Lumion vs. Enscape: How They Compare?
Here, we have a close-up view of an apartment complex made of recycled wood with a cube design where each unit is located in one cube. Every unit has a large exterior window that brings in a lot of sunlight. The exterior is dark gray, while the interior is mainly covered in natural wood.Lumion vs. Enscape: How They Compare?

Lumion vs. Enscape – which one is the right choice? When we talk about digital architecture tools, we can often get in a situation where we can’t decide which program serves the best in terms of many must-have architecture program traits.

Furthermore, it can be challenging to compare these two programs side by side, as both are thoroughly developed and have served architects well for some time. Both of these programs serve their purpose but also differ through many factors.

Therefore, we’ve decided to help you with a guide through comparing Lumion and Enscape to learn which of these programs can serve you better render and system-wise, and also let you pick a winner by yourself, based on your preferences and needs.

Defining both tools

Lumion is a rendering software that specializes in architecture and other related professions. It represents a visualization tool you can use to render photos, animations, videos, and panoramic pictures that can help you achieve a walkthrough experience for your design.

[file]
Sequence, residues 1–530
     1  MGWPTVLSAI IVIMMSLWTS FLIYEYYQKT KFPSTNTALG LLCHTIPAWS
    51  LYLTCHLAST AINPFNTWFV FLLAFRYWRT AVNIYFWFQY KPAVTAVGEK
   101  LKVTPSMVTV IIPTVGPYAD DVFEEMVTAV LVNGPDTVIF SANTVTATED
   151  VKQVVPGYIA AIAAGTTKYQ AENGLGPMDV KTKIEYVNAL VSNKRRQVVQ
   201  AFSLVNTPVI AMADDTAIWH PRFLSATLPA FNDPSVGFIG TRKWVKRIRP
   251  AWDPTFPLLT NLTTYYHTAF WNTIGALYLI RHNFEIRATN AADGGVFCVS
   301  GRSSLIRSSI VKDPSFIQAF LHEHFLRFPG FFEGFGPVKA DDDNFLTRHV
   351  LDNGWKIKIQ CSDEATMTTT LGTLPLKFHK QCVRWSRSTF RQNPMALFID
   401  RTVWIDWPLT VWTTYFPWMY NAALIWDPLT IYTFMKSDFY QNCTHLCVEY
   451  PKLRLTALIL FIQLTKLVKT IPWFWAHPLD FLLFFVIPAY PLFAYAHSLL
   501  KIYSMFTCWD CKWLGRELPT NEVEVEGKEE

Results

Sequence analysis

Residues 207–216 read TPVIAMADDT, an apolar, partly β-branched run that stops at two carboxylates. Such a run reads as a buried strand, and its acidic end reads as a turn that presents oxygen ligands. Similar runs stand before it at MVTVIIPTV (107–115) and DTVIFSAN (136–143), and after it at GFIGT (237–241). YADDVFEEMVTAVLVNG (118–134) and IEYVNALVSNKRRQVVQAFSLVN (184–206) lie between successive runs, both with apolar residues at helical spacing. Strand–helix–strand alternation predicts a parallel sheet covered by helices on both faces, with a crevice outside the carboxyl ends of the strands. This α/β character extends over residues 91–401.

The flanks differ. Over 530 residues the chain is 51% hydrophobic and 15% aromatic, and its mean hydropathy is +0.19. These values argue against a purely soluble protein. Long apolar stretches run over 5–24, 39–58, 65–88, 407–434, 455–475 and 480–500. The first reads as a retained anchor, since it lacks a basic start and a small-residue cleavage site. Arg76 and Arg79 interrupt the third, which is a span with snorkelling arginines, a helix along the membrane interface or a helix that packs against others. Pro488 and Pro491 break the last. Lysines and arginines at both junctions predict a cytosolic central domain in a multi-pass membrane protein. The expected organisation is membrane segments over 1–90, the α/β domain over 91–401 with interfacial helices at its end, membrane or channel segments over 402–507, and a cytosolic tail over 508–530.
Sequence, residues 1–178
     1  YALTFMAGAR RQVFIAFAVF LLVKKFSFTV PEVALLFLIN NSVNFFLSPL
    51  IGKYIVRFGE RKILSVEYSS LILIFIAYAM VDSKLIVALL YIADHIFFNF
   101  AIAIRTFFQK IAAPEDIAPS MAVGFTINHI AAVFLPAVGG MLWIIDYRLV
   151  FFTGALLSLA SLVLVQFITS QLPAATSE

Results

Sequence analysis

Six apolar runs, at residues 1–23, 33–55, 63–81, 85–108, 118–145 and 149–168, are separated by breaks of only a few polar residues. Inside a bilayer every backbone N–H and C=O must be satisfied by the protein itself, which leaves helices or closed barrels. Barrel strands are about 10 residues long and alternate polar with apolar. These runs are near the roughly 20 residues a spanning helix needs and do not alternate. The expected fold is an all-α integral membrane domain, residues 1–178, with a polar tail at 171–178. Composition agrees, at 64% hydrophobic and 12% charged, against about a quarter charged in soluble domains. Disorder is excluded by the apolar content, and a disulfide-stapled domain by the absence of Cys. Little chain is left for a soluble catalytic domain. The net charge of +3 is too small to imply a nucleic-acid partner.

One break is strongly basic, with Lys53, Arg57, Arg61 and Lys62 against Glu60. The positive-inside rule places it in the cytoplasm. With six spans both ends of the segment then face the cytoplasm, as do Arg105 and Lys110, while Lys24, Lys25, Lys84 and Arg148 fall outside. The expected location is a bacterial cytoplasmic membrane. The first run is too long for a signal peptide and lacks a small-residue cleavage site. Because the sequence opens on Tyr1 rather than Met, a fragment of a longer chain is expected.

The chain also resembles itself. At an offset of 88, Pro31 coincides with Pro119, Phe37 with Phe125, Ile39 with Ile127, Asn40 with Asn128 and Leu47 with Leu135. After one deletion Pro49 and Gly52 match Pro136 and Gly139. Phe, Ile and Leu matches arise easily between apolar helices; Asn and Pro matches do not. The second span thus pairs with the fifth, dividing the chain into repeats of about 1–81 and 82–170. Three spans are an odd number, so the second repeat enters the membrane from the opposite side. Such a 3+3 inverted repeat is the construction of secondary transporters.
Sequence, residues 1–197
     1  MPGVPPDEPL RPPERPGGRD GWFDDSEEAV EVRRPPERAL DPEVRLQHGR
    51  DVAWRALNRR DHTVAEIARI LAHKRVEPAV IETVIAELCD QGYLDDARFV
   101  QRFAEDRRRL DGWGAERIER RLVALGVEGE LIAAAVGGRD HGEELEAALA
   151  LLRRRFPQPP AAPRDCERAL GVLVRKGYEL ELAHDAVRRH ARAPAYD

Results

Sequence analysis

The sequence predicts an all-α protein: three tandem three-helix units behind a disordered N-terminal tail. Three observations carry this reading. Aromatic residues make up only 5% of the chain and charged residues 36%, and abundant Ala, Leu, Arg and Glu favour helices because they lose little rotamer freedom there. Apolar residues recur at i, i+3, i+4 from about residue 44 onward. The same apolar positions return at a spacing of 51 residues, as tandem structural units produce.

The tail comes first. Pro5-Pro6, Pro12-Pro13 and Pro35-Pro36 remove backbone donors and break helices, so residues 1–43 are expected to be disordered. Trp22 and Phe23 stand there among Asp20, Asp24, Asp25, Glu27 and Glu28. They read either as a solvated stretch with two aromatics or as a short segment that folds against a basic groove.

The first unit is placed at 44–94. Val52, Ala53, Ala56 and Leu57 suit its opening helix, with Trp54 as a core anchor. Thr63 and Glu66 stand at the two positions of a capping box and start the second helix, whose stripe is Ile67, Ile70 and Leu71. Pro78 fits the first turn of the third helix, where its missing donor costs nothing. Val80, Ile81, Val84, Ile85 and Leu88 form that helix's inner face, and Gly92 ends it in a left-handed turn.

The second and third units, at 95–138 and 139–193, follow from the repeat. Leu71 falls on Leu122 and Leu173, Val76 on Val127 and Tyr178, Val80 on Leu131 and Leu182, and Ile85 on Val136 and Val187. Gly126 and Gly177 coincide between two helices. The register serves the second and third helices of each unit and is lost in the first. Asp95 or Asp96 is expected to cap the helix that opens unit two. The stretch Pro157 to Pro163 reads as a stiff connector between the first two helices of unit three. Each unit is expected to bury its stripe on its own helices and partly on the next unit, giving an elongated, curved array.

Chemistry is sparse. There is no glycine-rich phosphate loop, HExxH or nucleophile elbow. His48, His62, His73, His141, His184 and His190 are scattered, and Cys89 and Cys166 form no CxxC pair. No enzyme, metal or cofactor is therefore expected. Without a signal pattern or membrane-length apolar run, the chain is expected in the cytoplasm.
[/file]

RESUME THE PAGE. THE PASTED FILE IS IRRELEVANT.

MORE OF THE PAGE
Enscape is a type of rendering software specializing in virtual reality technology and real-time rendering. Many architects use it to visualize their designs and present their work with high-quality rendering formats.

Release date and developer details

The Lumion software was released on December 10th, 2010, by a software company called Act-3D. However, the idea originated in 1998 when two dutch computer developers started working on creating a software company that may make rendering a part of the future for architects worldwide.

On the other hand, Enscape’s release date wasn’t before 2015, as their company started working in 2013. What’s interesting is that both Lumion and Enscape are software developed by German programmers, making this country one of the leading programming countries in the world.

Ease of use

Lumion and Enscape are easy to use, and even learning them doesn’t require a lot of effort. With well-organized tools, you can use anything from inserting and designing objects, through working with materials and textures, to rendering realistically-breathtaking images of your work.

However,  while Lumion is a complete design and rendering software, Enscape represents a plugin that doesn’t contain a lot of tools and commands. The bottom line – both software tools are designed intuitively and have a simply constructed system.

System requirements

The system requirements you’ll be needing for Lumion or Enscape depend on how well you want your render images to turn out.

Minimum system requirements you need to work on Lumion are:

  • Graphic card with a GPU of a minimum 7000 G3D Mark score;
  • Minimum 4 GB graphic card memory;
  • 64-bit up-to-date Windows 10 operating system;